During my interviews of women who have been abused by their spouses or partners, a phenomenon arose: The abusing men are often well respected and even loved in their community. I call them chameleons. They may be politicians, CEOs, teachers, pastors or famous in the sports world. We’ve all heard of violence among the Hollywood talent, too.
The women in my upcoming suspense novel, The Outreach Committee, are victims of such men. They must fight the respect and power these men have to obtain justice.
If your abuser is a chameleon, don’t let it discourage you. Keep records of his abuse, plan your escape. Don’t be afraid of the community’s respect for these men. Those in the business of protecting abused women are aware of this phenomenon.
I don’t pretend to have the knowledge that explains this quirk in the abuser personality. If he abuses his family at home and acts the Santa Claus in public, he lives a lie. Is he just pretending to welcome support from others when he would rather control his own world by himself? Not addressing his anger must cause it to escalate.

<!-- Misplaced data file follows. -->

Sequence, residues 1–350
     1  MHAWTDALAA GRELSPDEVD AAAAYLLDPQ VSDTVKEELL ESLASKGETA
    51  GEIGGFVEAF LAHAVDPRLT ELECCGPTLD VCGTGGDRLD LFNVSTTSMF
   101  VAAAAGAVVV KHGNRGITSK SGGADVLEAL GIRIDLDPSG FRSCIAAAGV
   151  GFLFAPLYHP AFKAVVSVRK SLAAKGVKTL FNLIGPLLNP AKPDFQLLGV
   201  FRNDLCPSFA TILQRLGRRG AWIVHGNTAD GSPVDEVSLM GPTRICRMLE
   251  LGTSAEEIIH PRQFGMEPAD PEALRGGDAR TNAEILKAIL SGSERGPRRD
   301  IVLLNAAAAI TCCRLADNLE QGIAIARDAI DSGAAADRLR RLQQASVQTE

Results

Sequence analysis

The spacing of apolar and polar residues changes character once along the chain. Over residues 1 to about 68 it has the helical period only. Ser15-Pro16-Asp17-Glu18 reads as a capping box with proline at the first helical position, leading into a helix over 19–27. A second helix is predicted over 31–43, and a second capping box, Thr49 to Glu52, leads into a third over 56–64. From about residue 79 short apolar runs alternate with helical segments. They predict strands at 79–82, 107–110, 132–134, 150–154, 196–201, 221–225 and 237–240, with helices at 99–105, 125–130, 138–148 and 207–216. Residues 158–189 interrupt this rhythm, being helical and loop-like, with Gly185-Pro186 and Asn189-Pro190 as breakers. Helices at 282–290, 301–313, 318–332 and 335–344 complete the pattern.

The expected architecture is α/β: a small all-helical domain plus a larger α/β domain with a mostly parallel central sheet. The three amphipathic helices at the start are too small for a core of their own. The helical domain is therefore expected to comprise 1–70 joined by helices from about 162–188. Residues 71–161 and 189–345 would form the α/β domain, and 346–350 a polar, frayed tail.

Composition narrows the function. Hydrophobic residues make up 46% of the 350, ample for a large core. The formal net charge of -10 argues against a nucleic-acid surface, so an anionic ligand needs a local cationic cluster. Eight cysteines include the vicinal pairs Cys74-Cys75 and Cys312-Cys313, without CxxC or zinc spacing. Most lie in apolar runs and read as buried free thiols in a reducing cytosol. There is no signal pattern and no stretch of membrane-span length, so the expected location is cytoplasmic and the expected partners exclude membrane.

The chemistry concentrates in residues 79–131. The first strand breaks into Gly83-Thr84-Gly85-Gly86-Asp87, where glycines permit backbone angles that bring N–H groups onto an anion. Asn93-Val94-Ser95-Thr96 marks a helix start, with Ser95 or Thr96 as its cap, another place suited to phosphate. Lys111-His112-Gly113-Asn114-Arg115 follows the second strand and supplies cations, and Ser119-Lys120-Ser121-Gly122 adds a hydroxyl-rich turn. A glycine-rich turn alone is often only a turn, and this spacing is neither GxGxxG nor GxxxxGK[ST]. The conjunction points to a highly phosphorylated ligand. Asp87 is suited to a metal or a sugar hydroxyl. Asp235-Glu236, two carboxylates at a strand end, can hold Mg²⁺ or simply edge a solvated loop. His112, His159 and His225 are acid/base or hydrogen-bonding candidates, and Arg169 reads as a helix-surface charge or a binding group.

We all like to “let down” when we get home: remove our public attire and put on a bathrobe. Or at least take off uncomfortable shoes and scuff around the house in bunny slippers. Is this what the publicly admired abuser is doing on a bigger and immoral scale when he abuses his wife or partner? I believe there has to be something in his public life that keeps him on edge. Could it be his own belief that he is truly positioned above his abilities? Could he be lying about a criminal conviction, another marriage or the extent of his professional training? Is he gay trying to live in an heterosexual world? I wonder, too, if he hates himself so much that he has to prove how bad a person he is when he “lets down” at home. Whatever it is, it is no excuse to batter a woman.
No matter how popular an abusing spouse can be, the legal community is set up to help abused women. In my county and I’m sure in most counties in the United States, a woman can go to a local courthouse and obtain an injunction against her abusing spouse or partner, free of charge.
If your spouse or partner is a chameleon, don’t despair. He’s not unique. Make your plan and, at the proper moment, escape. You are strong, capable and determined. Don’t let his popularity with others deter you.
What do you think about this? Have you escaped a chameleon? How did you do it? How did your community respond to the knowledge he was an abuser? We need to hear from you. Reply or comment to this posting or e-mail me at firstname.lastname@example.org.